A Lion asleep in his lair was waked up by a Mouse running over his face. Losing his temper he seized it with his paw and was about to kill it. The Mouse, terrified, piteously entreated him to spare its life. "Please let me go," it cried, "and one day I will repay you for your kindness." The idea of so insignificant a creature ever being able to do anything for him amused the Lion so much that he laughed aloud, and good-humouredly let it go. But the Mouse's chance came, after all. One day the Lion got entangled in a net which had been spread for game by some hunters, and the Mouse heard and recognised his roars of anger and ran to the spot. Without more ado it set to work to gnaw the ropes with its teeth, and succeeded before long in setting the Lion free. "There!" said the Mouse, "you laughed at me when I promised I would repay you: but now you see, even a Mouse can help a Lion."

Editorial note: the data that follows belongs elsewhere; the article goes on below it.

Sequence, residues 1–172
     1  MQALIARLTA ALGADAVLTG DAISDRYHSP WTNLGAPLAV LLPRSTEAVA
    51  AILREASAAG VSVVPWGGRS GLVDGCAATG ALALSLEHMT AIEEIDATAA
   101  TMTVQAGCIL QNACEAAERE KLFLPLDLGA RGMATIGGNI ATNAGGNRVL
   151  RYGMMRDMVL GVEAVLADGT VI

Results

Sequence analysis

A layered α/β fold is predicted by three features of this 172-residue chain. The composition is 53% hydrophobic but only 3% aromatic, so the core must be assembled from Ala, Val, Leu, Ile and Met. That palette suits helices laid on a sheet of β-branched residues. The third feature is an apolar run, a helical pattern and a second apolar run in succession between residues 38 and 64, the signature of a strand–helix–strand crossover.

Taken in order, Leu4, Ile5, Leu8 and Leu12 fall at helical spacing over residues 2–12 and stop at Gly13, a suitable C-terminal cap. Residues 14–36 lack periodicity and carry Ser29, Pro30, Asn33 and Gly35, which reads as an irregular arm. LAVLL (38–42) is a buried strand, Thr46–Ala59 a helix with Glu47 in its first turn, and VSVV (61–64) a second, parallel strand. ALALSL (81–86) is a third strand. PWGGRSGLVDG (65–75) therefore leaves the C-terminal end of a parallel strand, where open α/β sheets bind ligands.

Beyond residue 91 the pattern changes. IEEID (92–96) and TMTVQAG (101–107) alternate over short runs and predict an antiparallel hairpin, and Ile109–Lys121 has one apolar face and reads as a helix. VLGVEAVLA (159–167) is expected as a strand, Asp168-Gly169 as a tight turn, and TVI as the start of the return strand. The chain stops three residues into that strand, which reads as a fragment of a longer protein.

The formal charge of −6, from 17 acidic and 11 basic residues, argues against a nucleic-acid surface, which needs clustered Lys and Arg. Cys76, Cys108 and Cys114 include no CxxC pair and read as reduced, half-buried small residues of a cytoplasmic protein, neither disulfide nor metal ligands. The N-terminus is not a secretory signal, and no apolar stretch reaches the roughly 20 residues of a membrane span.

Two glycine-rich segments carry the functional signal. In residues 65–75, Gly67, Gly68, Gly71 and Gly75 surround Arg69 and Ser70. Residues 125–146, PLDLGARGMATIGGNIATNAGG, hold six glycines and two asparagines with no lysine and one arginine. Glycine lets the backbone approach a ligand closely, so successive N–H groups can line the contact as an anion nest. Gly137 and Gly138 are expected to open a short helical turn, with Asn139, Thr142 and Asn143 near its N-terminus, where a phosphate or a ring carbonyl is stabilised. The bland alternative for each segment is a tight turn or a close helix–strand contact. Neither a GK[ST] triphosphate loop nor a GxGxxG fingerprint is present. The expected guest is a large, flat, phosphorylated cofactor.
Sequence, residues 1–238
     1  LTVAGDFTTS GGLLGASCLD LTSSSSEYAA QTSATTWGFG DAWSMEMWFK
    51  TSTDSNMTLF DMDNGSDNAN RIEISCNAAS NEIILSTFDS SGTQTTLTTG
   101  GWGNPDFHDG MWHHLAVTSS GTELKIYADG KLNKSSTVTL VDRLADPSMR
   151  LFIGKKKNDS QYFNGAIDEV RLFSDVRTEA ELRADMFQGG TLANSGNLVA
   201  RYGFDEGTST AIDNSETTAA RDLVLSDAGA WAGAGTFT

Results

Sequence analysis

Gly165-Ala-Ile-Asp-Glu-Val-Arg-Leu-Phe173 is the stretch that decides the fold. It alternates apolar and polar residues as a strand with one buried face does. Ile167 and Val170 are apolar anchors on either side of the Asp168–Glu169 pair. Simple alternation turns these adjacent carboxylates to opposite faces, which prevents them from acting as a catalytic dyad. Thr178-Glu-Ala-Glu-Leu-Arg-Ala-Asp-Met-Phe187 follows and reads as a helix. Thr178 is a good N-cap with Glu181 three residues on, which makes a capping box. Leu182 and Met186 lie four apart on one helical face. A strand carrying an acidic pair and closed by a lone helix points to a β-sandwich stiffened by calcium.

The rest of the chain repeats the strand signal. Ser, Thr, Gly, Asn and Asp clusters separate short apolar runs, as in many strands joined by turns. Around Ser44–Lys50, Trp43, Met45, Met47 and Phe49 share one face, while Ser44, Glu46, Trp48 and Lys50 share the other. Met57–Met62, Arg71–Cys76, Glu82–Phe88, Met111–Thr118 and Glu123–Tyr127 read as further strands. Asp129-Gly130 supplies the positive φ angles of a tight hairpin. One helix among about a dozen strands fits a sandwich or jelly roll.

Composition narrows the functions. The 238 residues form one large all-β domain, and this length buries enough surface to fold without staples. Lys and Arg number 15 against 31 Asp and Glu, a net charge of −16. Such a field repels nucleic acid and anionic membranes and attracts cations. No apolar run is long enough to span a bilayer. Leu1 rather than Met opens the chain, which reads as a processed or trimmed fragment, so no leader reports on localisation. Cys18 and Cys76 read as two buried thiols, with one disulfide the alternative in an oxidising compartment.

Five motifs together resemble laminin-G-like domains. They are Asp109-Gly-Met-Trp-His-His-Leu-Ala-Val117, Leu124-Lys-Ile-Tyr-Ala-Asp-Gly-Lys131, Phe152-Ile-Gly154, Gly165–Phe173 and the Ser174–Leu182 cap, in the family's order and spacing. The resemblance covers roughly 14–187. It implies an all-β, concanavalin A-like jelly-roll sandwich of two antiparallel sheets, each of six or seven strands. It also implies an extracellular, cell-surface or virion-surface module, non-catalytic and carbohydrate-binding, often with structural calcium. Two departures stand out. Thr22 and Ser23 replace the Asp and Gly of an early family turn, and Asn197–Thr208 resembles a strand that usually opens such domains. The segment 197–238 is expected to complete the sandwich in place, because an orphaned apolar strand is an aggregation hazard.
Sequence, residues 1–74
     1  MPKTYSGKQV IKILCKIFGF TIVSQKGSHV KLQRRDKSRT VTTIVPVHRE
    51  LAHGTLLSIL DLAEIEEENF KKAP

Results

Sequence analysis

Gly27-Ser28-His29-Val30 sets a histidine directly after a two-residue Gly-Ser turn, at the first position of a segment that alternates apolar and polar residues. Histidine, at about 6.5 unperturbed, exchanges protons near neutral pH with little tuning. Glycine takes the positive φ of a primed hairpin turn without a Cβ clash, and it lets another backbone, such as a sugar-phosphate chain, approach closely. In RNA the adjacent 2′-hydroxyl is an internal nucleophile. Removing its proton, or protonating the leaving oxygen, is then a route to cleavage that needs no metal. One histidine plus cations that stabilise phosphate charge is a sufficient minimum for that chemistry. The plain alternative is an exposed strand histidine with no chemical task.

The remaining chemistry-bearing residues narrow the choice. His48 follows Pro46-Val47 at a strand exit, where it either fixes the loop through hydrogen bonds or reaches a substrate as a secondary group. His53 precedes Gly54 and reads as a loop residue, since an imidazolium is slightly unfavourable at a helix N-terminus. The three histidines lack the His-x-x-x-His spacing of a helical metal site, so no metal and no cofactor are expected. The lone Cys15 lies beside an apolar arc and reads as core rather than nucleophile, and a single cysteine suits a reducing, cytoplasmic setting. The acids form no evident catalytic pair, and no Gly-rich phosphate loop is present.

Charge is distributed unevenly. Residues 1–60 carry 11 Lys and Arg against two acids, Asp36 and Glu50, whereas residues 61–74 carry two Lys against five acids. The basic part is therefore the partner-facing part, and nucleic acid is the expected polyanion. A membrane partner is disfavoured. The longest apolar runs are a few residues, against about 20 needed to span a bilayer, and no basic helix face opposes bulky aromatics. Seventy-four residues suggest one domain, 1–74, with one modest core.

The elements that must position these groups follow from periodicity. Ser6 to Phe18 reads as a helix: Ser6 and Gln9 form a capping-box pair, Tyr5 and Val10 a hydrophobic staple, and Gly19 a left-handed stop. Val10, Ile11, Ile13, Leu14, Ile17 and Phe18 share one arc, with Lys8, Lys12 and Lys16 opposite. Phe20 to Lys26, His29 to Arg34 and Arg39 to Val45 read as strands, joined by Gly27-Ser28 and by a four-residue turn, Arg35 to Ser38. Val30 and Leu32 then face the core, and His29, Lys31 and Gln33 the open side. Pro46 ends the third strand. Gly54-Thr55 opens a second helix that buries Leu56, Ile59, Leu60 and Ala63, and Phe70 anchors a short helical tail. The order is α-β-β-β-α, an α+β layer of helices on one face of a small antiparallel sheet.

Beyond the cynical advice on waiting to insult alligators, beyond the obvious prudence of not insulting Mafia accountants or free-lance hit men — or anyone just casually — "The Lion and the Mouse" teaches the more positive but equally practical lesson of being nice to others whenever we can. As the tough-minded among the Anarchists and communitarians argued, we practice mutual aid in part because it is right to do so and because it feels good to do so: but that good feeling comes from a reliable sense of superiority as well as more admirable altruism; also, however, we practice mutual aid and should be nice to one another because the one sure thing in life is that we will eventually get into trouble.

            So, MORAL: do not insult even small alligators and help when you can. If nothing else, you never know when you'll need a favor, or from whom.

No comments:

Post a Comment